Carl VOGT who was initiated into the Golden Dawn right at the end of my period, September 1900, and chose the German motto ‘Durchdacht’. 


It turned out, when I began to search for this GD member, that there was a noted Swiss politician and writer living in Switzerland: I got lots of references on the web for this man; but I was sure that he wasn’t the man I was after.  Bless Carl Vogt for having a name unusual in England, however - I found him on the 1901 census, living in the lodging house kept by Miss Lily J Moore at 24 Oakley Square London NW.  Miss Moore’s house was near Euston Station, very convenient for people working in the City of London, and half of her 8 lodgers described themselves as clerks and two more said they were accountants.  Naturally, 7 of the 8 had been born elsewhere; the exception was Mabel Hancock, the only woman and the only Londoner.  Two came from countries outside the Empire.  One was Danish; the other was Carl Vogt. 


How often have I wished that the census officials would give a bit more detail!  When it came to what people did for a living, the officials’ main focus was on getting the sources of people’s income in as few words as possible so the information would fit on the form they had to use.  When Carl Vogt described (possibly in rather thickly-accented English - I’m sure he could speak some English) how he earned his daily bread, the official just scribbled “merchant”.  So I know that Carl Vogt bought and sold for his living: but whether he dealt in silk or jute, or diamonds or coal, or shares or rivets, or all those things, I cannot say.  And did he work for himself?  Or for someone else?  Or for a big firm, and if so was it an English one or a foreign one?  The census official wasn’t interested.


If I knew more about what Carl Vogt bought and sold, and who he did it for, it might hint at WHO HE KNEW IN THE GOLDEN DAWN; but as things stand, I don’t know who it was he had met who was in the GD.


Another problem with information on the census was that, if you were not born in England, the official was not going to make much effort to be exact.  So in 1901, no matter how specific Carl Vogt might have been about where he was born, all that was jotted down was “Germany”.  Is that Berlin or Leipzig?  Essen or Frankfurt?  Or none of those places?  The official did note that Carl Vogt was 45 years old, and unmarried.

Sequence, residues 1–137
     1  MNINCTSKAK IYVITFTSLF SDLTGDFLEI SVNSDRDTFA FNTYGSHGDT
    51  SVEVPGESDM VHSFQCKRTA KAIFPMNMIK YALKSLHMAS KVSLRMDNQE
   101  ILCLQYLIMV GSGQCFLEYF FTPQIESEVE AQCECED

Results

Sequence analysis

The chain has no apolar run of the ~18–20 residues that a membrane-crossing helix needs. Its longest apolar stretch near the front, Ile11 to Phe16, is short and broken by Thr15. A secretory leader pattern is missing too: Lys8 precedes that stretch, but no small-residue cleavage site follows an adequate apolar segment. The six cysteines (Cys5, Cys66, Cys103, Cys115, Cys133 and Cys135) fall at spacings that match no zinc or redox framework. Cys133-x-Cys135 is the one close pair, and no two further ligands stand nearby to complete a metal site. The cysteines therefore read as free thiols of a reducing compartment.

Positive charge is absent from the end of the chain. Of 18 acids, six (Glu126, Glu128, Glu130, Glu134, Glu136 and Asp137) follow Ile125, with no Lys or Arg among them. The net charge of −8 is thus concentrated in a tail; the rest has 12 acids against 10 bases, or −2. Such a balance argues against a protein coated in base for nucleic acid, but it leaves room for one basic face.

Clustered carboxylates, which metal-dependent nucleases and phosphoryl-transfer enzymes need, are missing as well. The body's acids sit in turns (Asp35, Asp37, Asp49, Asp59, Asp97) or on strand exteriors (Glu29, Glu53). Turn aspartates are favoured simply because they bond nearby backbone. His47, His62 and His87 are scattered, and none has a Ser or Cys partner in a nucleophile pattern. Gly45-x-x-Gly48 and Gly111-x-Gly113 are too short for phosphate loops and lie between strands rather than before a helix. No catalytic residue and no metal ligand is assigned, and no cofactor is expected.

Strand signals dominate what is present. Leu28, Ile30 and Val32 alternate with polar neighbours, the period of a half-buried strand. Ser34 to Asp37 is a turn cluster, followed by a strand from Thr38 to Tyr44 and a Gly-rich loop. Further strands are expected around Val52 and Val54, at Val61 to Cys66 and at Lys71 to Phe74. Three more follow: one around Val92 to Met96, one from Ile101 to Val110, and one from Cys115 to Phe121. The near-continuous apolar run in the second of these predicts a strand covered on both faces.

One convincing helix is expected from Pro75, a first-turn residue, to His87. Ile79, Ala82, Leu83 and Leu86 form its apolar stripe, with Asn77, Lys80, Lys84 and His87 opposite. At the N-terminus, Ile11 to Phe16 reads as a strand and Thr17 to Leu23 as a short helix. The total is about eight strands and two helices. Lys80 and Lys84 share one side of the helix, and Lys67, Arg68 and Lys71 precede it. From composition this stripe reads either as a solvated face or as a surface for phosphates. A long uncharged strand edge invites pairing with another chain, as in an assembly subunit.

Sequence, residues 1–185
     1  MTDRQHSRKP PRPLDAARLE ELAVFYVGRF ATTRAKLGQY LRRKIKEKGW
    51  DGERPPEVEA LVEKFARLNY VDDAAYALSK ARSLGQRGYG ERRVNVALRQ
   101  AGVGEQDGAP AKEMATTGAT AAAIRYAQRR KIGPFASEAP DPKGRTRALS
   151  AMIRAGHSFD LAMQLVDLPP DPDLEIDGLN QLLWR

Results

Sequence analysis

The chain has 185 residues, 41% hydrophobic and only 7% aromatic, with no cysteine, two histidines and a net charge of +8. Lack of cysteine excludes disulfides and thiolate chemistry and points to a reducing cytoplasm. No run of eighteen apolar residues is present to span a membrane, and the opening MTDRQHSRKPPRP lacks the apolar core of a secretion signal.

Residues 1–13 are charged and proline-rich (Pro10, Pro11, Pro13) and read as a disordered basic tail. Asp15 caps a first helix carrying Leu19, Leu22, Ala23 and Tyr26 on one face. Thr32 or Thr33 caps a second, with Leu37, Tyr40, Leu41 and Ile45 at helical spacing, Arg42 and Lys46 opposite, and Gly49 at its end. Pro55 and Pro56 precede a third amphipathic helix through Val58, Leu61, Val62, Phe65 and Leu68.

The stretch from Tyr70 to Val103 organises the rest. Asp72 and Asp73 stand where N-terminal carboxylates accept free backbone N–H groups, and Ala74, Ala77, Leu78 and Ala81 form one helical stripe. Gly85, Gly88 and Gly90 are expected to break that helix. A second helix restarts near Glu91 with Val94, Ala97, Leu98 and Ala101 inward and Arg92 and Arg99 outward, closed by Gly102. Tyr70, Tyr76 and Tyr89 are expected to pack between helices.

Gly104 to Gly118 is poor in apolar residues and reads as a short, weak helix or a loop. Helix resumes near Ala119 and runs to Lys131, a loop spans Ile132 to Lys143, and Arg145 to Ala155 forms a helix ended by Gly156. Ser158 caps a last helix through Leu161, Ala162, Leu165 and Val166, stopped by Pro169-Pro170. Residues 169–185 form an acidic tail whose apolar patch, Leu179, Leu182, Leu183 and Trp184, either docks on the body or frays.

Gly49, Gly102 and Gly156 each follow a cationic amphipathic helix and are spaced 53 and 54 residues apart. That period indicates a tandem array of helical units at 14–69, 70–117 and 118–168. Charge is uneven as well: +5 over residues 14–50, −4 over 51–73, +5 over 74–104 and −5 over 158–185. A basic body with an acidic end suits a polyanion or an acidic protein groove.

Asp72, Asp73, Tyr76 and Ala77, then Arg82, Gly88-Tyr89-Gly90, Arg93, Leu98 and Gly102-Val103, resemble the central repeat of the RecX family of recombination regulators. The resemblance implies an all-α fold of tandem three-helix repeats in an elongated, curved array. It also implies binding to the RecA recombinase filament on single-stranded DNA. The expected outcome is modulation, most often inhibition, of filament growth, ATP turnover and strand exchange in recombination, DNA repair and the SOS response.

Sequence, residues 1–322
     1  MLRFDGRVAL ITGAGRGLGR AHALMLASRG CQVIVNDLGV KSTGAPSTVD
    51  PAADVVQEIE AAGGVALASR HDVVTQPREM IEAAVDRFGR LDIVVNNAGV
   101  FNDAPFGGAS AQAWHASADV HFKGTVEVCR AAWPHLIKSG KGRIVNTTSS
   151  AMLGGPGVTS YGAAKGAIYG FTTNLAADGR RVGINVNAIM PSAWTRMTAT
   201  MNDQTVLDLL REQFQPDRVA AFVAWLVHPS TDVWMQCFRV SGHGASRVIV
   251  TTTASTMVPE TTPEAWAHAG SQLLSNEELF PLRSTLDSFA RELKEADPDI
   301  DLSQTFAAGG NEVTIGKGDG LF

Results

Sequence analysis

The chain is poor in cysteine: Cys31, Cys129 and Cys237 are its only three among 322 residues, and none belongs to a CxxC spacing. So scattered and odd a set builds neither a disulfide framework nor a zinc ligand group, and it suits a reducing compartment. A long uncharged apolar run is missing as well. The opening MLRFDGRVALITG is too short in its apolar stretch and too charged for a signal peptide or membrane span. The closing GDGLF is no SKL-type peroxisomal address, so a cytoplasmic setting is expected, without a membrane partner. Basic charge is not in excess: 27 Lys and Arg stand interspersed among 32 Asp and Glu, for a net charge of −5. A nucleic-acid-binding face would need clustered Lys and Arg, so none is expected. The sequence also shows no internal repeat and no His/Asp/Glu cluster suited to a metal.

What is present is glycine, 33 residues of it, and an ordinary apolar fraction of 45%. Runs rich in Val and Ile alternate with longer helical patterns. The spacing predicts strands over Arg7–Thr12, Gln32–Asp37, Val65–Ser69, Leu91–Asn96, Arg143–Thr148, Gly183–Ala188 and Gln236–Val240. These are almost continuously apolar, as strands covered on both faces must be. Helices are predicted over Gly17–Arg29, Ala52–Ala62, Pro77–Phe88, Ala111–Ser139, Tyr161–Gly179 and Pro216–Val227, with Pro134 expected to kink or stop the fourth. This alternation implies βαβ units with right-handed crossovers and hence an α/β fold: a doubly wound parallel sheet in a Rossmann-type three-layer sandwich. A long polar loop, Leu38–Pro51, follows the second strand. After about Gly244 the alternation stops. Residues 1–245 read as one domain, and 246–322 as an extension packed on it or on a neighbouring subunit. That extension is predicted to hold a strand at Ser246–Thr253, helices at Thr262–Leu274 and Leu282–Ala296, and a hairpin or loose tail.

Even that much information on Carl Vogt was a lot more than I had expected, so I tried the 1891 and 1911 censuses to see if he was a long-term resident in England.  He was not on either of them; and although he could have been on holiday, or even away on business on both occasions, I think it’s more likely that in 1901 he was working in London temporarily.




BASIC SOURCES I USED for all Golden Dawn members.


Membership of the Golden Dawn: The Golden Dawn Companion by R A Gilbert.  Northampton: The Aquarian Press 1986.  Between pages 125 and 175, Gilbert lists the names, initiation dates and addresses of all those people who became members of the Hermetic Order of the Golden Dawn or its many daughter Orders between 1888 and 1914.  The list is based on the Golden Dawn’s administrative records and its Members’ Roll - the large piece of parchment on which all new members signed their name at their initiation.  All this information had been inherited by Gilbert but it’s now in the Freemasons’ Library at the United Grand Lodge of England building on Great Queen Street Covent Garden. 


Family history: freebmd; (census and probate);; familysearch.  Of course none of these cover Europe. Burke’s Peerage and Baronetage; Burke’s Landed Gentry; Armorial Families;; and a variety of one-family genealogy websites.



Famous-people sources: mostly about men, of course, but very useful even for the female members of GD.  Oxford Dictionary of National Biography.  Who Was Who. Times Digital Archive.


Catalogues: British Library; Freemasons’ Library.


Wikipedia; Google; Google Books - my three best resources.  I also used other web pages, but with some caution, as - from the historian’s point of view - they vary in quality a great deal.





24 April 2012